Ketagalan Media: What’s Next for Taiwan’s New Power Party and Its ‘Third Force’ Companions?

While the Lim versus Huang “to work with the DPP or not work the DPP” issue is the most publicly cited reason for the party’s struggle, there were other struggles for power going on behind the scenes which have not yet come to light and may not even be fully resolved yet. Like most political parties in Taiwan, the NPP has always had variations in opinion among party leaders. Although the party’s infighting became public about a year ago, the internal problems within the party date back to its formation. This makes it difficult to pinpoint a single variable explaining why the NPP has gone the direction it has.

Since its summer shakeup, the NPP has done all it can to consolidate its support. Today, the party still has five candidates running and a 12-person party-list. Huang Kuo-chang is not running for reelection in his district of Xizhi, but is instead #4 on the NPP party-list. The party has not yet endorsed Tsai for president and has decided not to work with the DPP — the exact opposite strategy it utilized in 2016. Ironically, Fan Yun (范雲), founder of the Social Democratic Party, who originally did not want to endorse the DPP in 2016, is now on the DPP’s party list. These two third force parties have effectively switched strategies.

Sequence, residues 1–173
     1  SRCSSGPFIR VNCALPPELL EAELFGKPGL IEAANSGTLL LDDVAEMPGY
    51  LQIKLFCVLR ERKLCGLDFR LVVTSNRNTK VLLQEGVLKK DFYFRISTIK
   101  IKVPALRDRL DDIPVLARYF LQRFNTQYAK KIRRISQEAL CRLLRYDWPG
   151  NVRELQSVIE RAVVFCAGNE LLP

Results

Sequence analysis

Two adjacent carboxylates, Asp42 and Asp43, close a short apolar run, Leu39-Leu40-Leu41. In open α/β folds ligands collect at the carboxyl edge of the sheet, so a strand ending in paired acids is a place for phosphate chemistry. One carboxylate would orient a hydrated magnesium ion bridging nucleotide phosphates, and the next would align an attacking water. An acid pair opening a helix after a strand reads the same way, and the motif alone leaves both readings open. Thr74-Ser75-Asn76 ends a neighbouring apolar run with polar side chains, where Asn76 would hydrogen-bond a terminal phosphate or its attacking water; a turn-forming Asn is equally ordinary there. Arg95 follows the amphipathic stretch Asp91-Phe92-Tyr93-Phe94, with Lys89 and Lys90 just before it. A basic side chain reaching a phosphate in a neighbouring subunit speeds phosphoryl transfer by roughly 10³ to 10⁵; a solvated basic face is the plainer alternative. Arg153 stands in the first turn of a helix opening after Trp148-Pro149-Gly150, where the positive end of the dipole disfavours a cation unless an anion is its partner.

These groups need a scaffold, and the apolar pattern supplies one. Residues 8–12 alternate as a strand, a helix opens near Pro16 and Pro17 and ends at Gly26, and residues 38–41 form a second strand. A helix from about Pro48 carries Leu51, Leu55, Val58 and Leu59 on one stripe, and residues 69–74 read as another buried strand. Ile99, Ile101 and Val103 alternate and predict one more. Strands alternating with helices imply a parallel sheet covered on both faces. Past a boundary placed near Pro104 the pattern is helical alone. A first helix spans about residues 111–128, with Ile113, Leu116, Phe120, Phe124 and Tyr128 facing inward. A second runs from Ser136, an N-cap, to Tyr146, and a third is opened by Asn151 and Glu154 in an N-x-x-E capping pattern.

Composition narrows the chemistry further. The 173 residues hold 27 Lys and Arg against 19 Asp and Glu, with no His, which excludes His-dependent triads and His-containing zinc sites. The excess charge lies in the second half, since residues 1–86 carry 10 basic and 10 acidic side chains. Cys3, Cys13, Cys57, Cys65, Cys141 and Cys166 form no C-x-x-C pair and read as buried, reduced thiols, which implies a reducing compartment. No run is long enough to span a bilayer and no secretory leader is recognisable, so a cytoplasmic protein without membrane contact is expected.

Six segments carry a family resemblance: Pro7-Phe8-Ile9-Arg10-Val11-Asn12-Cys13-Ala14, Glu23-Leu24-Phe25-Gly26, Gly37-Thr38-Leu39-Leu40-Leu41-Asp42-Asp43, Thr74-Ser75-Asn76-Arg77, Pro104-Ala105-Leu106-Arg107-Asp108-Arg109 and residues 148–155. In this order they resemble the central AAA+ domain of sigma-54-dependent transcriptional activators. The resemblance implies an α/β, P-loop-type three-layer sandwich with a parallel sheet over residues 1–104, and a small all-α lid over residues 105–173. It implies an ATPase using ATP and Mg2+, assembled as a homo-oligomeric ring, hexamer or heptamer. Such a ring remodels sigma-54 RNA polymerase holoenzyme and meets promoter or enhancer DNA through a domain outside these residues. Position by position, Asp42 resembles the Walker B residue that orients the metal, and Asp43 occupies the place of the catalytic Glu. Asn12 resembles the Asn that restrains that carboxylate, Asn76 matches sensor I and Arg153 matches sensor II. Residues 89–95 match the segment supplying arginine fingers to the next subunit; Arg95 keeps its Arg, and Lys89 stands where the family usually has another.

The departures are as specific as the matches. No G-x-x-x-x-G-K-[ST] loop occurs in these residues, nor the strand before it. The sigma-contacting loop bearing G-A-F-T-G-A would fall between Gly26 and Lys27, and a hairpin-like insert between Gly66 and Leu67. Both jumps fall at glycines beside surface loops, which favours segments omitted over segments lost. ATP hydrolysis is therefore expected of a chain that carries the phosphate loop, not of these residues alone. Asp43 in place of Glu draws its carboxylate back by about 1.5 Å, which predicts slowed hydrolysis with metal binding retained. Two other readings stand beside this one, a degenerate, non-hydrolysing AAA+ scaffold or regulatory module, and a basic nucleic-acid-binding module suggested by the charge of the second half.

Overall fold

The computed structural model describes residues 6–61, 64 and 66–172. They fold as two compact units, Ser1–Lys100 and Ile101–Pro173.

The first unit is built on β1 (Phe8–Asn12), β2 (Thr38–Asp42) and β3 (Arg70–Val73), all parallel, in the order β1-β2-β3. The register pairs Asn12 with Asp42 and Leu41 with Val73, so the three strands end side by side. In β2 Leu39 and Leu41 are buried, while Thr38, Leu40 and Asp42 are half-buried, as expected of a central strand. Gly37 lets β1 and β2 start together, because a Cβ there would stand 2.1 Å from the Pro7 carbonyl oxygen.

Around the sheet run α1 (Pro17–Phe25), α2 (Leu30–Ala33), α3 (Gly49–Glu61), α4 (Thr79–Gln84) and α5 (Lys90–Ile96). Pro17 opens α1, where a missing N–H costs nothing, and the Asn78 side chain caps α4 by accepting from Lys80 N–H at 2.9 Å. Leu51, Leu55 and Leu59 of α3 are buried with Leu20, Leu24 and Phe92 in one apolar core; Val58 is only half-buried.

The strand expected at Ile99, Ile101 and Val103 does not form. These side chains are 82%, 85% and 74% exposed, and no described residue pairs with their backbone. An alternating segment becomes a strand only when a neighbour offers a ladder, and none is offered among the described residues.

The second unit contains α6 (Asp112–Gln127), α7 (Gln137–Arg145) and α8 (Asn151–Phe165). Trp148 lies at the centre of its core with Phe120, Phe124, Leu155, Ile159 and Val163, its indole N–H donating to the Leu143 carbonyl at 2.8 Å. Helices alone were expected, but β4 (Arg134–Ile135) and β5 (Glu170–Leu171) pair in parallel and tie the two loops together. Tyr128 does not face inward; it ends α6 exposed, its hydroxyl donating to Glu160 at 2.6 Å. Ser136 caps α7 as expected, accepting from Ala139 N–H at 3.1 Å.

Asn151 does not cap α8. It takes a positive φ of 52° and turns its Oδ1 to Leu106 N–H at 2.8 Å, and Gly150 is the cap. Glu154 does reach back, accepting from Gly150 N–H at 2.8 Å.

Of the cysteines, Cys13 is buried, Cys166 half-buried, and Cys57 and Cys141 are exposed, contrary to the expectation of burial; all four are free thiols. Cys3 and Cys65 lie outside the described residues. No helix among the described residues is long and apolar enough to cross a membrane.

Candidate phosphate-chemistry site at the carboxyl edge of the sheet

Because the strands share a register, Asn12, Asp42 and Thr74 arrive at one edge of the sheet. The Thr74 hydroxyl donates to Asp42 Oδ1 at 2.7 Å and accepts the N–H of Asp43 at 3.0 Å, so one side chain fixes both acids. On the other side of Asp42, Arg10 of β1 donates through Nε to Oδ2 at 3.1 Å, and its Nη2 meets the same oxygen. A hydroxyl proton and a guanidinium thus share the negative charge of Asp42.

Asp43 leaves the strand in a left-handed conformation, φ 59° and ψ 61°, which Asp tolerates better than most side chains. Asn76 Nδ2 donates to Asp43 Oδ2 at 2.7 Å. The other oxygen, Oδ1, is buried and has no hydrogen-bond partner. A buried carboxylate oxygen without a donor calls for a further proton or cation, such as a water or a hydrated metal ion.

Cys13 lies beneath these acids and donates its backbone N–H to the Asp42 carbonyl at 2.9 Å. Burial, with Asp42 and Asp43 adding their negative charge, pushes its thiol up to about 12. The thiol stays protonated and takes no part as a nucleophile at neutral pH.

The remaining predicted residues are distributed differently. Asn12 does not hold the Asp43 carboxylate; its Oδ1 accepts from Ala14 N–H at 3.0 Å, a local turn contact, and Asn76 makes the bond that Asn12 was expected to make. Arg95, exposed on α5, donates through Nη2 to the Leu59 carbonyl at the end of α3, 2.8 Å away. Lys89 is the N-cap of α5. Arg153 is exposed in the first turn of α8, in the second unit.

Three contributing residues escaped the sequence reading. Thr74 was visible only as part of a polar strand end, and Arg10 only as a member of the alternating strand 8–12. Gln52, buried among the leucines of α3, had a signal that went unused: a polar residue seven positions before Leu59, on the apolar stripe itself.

Although many assume that the NPP’s declining support must all be flocking to the newly formed Taiwan People’s Party (TPP) of Taipei mayor Ko Wen-je (柯文哲), far more NPP supporters are instead planning to send their votes to the DPP. The NPP and TPP are ideologically very far apart. The NPP was founded as being openly pro-independence and pro-progressive values. Those who voted for the NPP in the last election because of their political stances are more likely to vote for the DPP rather than the TPP, which is neither pro-independence nor socially progressive.

The DPP has, rather miraculously, capitalized off the NPP’s decline. By recruiting figures like Sunflower Movement activist leader Lin Fei-fan (林飛帆), Sunflower activist Lai Pin-yu (賴品妤) and the Taiwan Statebuilding Party’s Chen Po-wei (陳柏偉), the DPP has replaced the NPP as the party activists are most likely to support. Those who voted for the NPP purely because they are a third party may be attracted to Ko’s TPP, but considering their base of support comes from activists who are highly critical of Ko, this number of pure protest voters is likely to be low.

Realistically, the NPP will not disappear after the 2020 election, even if they are completely unsuccessful. They still have a base of support, registered party members, and 16 city councilors across the island. Polls vary, but after releasing their party list, they are still likely to get two members from proportional representation. Depending on how the party performs electorally, they will inevitably face a tough four years of consolidation and reflection as they plan their future strategy.

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What’s Next for Taiwan’s New Power Party and Its ‘Third Force’ Companions?

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